Maritime Bus committed to maintaining current schedule even in face of major losses
The company, which has lost millions in gross revenue, is calling for a regional transportation plan
The owner of Maritime Bus says he's committed to keeping service at current levels, even in the face of two financially crushing years for his company.
Mike Cassidy, who owns the interprovincial service as well as Coach Atlantic, said 2021 "is almost as disastrous as 2020" on account of the COVID-19 pandemic.
"Those losses have been tremendous," he said in a recent interview.
Cassidy said the company lost $33 million in gross revenue last year and is projecting to lose $25 million in gross revenue for 2021. His workforce has dropped to 175 this year, down from 515 in 2019.
Cruise-related business wiped out
In a normal year, the company does $42 million in total sales, half of which is business related to cruise ships and multi-day tours.
"And that has been, for two years, pretty well non-existent," said Cassidy.
Transport Canada regulations related to the pandemic have meant cruise ships haven't been able to call on the Maritimes, while multi-day bus tours catering to tourists from outside the region only partially resumed this year, said Cassidy.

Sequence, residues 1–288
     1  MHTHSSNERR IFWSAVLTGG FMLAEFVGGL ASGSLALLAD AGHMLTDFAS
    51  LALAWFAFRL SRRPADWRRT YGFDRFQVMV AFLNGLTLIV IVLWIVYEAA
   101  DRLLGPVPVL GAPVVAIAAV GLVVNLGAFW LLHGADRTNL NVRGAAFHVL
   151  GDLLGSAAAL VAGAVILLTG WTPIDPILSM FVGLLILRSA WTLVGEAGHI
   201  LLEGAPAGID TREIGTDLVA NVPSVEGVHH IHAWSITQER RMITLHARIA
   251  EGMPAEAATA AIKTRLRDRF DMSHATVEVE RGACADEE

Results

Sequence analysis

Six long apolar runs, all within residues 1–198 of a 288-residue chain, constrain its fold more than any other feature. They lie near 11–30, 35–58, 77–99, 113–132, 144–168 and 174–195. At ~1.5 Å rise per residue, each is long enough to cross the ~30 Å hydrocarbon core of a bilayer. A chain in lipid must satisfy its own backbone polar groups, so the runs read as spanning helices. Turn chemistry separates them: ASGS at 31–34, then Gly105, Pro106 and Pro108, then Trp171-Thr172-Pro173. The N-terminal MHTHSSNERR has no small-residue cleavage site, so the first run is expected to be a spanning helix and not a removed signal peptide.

And while that aspect of his business has all but disappeared, Cassidy has continued to keep the passenger service running, even at reduced capacity and in the face of reduced ridership. At times during the pandemic, the business has been down to operating just three days a week, but is currently back up to six.
"I feel that I cannot take my foot off the accelerator, I have to keep going," he said. "My attitude is, we have to provide the service. We're a community connector and we're going to get through this COVID-19."
A regional transportation plan
Along with passengers, the service also transports parcels and blood work. Cassidy said he believes the pandemic underscored how essential his service is, and he's hoping it could translate to further support.
Each of the three Maritime provinces provided one-time funding to help the service weather the pandemic in 2020, but Cassidy said there needs to be a broader conversation about passenger service at all government levels.
A briefing note provided for Nova Scotia's public works minister, Kim Masland, said the loss of such a service would mean "all three provinces will lose connectivity to each other and beyond the New Brunswick-Quebec border."
Spokespeople for the governments of Nova Scotia, New Brunswick and P.E.I. all say they're part of a federal-provincial-territorial working committee led by Transport Canada that's focusing on the challenges and sustainability of intercity bus service in the country.
Cassidy said he'd like to see a broad conversation about a transportation plan for the region.
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